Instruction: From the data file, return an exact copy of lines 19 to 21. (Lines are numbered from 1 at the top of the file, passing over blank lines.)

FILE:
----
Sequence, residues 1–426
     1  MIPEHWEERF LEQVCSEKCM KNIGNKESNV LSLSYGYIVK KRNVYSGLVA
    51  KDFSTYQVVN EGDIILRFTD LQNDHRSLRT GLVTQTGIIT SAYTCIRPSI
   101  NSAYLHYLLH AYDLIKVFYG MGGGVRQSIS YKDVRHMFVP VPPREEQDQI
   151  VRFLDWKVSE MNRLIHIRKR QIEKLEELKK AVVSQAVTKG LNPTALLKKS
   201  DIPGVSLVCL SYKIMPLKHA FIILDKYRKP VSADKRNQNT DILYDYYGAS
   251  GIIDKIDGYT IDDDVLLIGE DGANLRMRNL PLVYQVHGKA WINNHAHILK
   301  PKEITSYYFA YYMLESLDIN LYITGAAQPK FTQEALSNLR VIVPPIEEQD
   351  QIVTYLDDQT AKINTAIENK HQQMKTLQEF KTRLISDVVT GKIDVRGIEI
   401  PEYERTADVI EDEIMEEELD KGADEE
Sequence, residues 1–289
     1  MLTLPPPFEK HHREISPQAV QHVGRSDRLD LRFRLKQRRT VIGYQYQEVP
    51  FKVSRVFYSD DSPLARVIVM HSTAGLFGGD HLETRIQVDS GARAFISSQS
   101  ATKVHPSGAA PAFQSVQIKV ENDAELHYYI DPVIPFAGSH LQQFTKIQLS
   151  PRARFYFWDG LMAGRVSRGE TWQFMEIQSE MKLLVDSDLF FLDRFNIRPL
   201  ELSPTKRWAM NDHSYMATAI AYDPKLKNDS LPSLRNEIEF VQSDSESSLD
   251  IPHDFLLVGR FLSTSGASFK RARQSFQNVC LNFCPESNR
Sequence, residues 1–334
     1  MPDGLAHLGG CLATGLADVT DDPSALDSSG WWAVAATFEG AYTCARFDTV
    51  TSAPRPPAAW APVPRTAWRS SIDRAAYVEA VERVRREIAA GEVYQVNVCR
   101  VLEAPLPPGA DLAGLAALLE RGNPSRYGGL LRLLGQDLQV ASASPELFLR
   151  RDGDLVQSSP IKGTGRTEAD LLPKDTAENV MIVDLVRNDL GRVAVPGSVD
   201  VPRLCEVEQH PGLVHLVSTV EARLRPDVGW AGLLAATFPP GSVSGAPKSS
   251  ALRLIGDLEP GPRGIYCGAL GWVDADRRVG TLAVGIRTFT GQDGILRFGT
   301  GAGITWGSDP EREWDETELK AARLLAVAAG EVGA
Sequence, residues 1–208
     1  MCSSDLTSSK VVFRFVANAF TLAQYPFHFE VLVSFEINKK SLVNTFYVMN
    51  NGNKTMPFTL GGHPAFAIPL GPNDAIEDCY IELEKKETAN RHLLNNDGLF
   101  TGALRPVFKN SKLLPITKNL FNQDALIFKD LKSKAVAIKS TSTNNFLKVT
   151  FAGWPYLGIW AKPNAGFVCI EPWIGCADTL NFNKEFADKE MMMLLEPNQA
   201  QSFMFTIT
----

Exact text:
     1  MPDGLAHLGG CLATGLADVT DDPSALDSSG WWAVAATFEG AYTCARFDTV
    51  TSAPRPPAAW APVPRTAWRS SIDRAAYVEA VERVRREIAA GEVYQVNVCR
   101  VLEAPLPPGA DLAGLAALLE RGNPSRYGGL LRLLGQDLQV ASASPELFLR